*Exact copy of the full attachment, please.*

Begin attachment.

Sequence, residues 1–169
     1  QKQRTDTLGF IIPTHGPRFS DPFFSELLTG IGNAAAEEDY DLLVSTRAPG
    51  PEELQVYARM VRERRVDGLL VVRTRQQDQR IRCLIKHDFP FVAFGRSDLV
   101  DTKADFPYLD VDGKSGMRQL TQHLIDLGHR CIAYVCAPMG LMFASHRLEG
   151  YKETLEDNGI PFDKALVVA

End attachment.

Sequence, residues 1–169
     1  QKQRTDTLGF IIPTHGPRFS DPFFSELLTG IGNAAAEEDY DLLVSTRAPG
    51  PEELQVYARM VRERRVDGLL VVRTRQQDQR IRCLIKHDFP FVAFGRSDLV
   101  DTKADFPYLD VDGKSGMRQL TQHLIDLGHR CIAYVCAPMG LMFASHRLEG
   151  YKETLEDNGI PFDKALVVA